Word of the Day

Monday, May 01, 2000


\SUB-tur-fyooj\ , noun;
A deceptive device or stratagem.
In the end, however, all the stealth and subterfuge were for naught, as the young publicity agent couldn't keep the secret.
-- Larry Tye, The Father of Spin
She has also complained . . . that the reporter used subterfuge to interview her, pretending to be the mother of an inmate.
-- Roy Greenslade, "Filthy rags", The Guardian, January 11, 2001
He is adept at subterfuge, at gaining entry to factories by masquerading as a laborer, a wholesaler, an exporter.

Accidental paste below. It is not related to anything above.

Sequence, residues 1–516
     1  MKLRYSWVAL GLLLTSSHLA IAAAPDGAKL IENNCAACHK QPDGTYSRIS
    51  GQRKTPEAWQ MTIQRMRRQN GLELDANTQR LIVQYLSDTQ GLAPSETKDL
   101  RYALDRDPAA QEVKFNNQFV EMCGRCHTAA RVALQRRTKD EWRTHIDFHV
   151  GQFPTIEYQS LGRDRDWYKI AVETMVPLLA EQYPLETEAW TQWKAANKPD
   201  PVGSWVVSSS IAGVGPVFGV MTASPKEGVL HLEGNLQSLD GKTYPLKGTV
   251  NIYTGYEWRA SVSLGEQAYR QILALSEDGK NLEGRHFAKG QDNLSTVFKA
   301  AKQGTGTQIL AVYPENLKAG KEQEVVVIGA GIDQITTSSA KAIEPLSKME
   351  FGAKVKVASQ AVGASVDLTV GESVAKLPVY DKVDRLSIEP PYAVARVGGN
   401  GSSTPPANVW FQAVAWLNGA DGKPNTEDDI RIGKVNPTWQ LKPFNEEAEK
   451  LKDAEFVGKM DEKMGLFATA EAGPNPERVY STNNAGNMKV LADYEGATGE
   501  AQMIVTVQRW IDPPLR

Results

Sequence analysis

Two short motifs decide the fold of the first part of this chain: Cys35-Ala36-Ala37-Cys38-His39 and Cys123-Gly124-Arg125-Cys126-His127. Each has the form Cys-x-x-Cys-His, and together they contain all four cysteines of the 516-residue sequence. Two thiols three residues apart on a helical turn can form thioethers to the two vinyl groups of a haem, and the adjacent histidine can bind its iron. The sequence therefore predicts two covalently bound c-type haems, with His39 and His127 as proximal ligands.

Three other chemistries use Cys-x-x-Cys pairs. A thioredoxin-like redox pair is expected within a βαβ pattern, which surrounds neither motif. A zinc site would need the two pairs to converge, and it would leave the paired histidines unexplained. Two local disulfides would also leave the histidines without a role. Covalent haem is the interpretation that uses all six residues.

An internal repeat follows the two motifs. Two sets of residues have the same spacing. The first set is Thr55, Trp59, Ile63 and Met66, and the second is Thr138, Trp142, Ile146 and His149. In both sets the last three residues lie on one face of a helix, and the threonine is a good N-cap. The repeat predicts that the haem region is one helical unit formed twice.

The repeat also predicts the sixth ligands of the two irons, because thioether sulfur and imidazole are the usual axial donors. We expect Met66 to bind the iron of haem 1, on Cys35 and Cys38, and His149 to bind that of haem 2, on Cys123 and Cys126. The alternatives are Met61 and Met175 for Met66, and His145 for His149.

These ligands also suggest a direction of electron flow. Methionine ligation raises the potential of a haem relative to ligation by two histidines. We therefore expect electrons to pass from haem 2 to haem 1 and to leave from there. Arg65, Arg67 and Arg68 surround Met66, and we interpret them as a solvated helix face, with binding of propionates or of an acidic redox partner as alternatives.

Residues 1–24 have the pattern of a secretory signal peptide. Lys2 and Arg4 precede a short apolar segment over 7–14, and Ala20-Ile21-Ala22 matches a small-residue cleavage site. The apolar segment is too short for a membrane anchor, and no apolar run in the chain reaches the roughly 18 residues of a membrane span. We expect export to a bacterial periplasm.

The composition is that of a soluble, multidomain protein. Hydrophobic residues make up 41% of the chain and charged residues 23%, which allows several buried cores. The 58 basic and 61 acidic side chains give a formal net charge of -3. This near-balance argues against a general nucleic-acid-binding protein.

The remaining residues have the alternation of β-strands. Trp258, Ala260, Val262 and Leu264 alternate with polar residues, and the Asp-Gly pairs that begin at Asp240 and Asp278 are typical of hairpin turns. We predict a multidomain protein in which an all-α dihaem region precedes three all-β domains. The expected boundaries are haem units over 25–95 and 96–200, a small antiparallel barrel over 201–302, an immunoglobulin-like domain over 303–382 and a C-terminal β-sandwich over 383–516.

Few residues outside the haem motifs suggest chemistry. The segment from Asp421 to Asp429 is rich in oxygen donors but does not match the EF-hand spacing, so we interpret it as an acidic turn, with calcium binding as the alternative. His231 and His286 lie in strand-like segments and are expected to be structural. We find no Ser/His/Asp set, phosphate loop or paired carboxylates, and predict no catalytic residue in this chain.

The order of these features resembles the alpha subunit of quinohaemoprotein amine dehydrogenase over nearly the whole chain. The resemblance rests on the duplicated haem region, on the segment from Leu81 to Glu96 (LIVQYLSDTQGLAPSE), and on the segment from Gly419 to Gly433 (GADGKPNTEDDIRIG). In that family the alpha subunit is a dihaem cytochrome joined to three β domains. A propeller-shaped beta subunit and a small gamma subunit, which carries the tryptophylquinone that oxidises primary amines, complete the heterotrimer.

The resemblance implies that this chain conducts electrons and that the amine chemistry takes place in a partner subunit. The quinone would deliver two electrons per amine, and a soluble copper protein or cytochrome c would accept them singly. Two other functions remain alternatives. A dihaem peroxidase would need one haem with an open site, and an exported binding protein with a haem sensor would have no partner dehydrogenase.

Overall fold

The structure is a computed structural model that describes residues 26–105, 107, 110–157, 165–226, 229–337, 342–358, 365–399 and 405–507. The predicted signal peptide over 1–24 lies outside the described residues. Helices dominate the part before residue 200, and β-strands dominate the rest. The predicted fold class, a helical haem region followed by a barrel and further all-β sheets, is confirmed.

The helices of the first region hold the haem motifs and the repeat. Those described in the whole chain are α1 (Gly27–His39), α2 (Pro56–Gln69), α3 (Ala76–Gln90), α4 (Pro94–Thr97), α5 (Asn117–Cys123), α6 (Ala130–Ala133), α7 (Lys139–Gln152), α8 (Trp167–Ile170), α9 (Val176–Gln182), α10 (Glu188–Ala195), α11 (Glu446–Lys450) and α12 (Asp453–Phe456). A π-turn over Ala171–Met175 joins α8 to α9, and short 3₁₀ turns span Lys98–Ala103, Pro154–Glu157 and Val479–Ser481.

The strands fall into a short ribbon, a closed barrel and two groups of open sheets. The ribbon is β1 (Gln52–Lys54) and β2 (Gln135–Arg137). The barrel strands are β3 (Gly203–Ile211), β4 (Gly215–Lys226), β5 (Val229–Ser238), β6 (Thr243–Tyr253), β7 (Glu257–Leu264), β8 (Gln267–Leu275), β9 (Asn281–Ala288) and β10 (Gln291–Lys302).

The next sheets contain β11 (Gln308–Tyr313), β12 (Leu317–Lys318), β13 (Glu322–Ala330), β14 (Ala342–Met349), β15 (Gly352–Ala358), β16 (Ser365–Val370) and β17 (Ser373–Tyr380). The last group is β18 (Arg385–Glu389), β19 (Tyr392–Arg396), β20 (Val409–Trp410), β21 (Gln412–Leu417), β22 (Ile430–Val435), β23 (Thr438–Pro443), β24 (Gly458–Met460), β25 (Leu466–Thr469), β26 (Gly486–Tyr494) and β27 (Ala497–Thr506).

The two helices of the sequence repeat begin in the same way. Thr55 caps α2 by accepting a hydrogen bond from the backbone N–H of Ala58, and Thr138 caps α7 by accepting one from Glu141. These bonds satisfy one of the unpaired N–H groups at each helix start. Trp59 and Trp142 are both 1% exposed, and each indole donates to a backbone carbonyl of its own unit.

-- Jonathan Silvers, "Child Labor in Pakistan", The Atlantic, February 1996
Subterfuge comes from Late Latin subterfugium, "a secret flight," from Latin subterfugere, "to flee in secret, to evade," from subter, "underneath, underhand, in secret" + fugere, "to flee." It is related to fugitive, one who flees.
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